When Savannah Fulkerson was 4 years old, she began to have strange reactions to going outside. After a few minutes in the sun, she would start screaming, complaining that her skin was burning. In the years following, the California-based girl would experience bouts of extreme pain and itching after being in the sun — so intense that her mom would pack her hands in ice or have her stand in cold water. Fulkerson told ABC News, “It just felt like lava was being poured on me. Like, it burned from the inside out.” Five years later, she finally received a diagnosis: Effectively, the 11-year-old is allergic to the sun.
In an interview with ABC News, Savannah’s mother, Andrea, explained that, throughout their years of searching for a diagnosis, they were told by doctors that Savannah simply had eczema. Eczema, however, didn’t explain Savannah’s extreme symptoms, which, in addition to painful burning and itching, also include blisters and scarring. Finally, Dr. Minnelly Luu of Children’s Hospital Los Angeles was able to give them some answers, based on a simple blood test: Savannah has a rare genetic disorder called Erythropoietic Protoporphyria (EPP), which makes her skin dangerously sensitive to sunlight. Although Savannah says that it’s easiest to simply tell be that she’s allergic to the sun, EPP is not, in fact, an allergy. According to the American Porphyria Foundation, EPP is “characterized by abnormally elevated levels of protoporphyrin IX” in red blood cells and plasma; These elevated levels cause intense photosensitivity, which in turn causes the extreme itching and pain that Savannah experiences after sun exposure.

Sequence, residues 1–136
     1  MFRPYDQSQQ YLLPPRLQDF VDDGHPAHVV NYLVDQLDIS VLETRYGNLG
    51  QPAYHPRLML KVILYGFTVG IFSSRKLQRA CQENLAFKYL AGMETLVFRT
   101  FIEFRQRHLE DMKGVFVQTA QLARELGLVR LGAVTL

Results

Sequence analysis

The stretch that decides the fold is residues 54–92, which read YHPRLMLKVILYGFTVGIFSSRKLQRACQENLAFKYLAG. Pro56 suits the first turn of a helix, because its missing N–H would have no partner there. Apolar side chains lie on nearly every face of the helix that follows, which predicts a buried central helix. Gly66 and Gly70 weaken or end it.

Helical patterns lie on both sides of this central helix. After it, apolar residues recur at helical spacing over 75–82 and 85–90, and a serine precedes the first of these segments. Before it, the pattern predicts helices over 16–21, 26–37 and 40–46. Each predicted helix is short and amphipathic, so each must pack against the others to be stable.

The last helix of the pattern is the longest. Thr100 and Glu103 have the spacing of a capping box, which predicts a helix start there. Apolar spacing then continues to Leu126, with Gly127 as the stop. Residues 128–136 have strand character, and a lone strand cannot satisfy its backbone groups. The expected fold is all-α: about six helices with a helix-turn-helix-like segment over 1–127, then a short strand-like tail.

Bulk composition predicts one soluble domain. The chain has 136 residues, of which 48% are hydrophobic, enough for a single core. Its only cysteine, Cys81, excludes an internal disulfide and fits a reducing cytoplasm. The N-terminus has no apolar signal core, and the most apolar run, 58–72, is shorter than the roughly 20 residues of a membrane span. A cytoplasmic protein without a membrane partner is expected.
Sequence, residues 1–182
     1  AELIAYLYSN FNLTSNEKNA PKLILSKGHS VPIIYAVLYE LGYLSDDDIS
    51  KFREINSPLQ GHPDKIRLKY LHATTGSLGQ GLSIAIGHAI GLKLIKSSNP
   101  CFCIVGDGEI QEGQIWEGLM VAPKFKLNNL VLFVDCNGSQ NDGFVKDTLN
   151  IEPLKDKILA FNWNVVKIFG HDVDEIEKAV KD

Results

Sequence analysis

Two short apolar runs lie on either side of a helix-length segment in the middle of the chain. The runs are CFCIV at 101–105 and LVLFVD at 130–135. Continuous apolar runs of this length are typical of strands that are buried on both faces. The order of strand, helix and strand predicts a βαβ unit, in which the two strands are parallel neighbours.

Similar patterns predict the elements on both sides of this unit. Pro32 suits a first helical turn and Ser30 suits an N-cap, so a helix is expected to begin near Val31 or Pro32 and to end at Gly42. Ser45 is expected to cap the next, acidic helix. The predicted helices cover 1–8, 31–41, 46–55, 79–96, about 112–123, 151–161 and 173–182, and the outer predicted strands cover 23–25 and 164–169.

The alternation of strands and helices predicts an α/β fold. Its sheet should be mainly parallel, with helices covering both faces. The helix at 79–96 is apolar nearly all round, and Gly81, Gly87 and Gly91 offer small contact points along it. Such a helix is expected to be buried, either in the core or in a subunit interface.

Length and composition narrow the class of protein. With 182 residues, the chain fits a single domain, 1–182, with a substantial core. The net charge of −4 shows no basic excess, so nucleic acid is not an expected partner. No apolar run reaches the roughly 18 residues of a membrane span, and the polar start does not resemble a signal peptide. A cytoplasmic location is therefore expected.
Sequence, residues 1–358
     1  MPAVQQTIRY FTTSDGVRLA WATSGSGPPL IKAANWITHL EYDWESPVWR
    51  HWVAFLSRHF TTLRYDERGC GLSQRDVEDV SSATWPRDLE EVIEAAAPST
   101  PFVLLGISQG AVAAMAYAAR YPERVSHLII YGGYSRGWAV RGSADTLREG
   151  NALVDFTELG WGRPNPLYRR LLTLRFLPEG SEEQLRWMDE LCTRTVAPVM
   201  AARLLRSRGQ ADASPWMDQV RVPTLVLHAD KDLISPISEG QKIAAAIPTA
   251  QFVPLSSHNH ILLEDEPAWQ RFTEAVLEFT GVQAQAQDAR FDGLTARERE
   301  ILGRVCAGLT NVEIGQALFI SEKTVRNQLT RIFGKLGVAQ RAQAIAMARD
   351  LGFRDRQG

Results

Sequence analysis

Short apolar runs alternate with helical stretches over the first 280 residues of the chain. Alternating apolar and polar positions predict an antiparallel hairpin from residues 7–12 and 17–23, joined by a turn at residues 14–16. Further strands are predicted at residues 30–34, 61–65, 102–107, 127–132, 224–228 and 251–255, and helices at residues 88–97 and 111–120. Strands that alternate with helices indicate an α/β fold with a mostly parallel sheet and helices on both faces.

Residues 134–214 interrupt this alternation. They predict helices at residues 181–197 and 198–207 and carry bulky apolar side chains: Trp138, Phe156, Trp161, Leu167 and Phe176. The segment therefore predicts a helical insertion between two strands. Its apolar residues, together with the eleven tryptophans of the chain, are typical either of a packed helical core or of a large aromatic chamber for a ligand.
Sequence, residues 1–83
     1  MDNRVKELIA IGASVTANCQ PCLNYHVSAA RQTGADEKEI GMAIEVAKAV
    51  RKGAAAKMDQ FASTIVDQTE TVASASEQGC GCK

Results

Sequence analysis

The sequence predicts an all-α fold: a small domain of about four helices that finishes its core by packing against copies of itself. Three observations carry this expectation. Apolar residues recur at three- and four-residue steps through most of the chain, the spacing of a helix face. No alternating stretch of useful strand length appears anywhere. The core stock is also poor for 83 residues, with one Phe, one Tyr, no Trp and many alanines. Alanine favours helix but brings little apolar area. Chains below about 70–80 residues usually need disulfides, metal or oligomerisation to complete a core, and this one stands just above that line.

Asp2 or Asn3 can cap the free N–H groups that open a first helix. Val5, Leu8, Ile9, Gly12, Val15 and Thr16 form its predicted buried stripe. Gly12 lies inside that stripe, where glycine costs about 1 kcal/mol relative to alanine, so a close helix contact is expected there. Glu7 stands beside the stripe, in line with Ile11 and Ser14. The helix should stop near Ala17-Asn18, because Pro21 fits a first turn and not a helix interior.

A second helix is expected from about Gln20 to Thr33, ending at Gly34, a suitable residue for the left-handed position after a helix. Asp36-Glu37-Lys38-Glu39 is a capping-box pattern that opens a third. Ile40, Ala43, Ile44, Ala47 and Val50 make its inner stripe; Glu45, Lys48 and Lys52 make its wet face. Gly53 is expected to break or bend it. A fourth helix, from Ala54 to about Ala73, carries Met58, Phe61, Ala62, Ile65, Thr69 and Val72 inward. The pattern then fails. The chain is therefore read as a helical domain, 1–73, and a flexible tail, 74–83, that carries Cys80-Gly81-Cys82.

There is no cure for EPP, though ABC News notes that there is a drug currently being evaluated by the FDA that has shown encouraging results in treating the disorder. As it stands, the most effective way to manage EPP is to stay out of the sun or to wear protective clothing when outside. Savannah explains that she usually sticks to the indoors during the day — she even as an indoor trampoline to let her release excess energy. When she does go out in daylight, she wears protective sleeves over her arms, gloves, and a wide-brimmed sunhat.
Although the prospect of living life away from the sun would be daunting for anyone, Savannah has hope for the future and an admirable attitude about her disorder. She says,
“It doesn’t define me. When I get older, it’s not gonna change what I want to do in life.”
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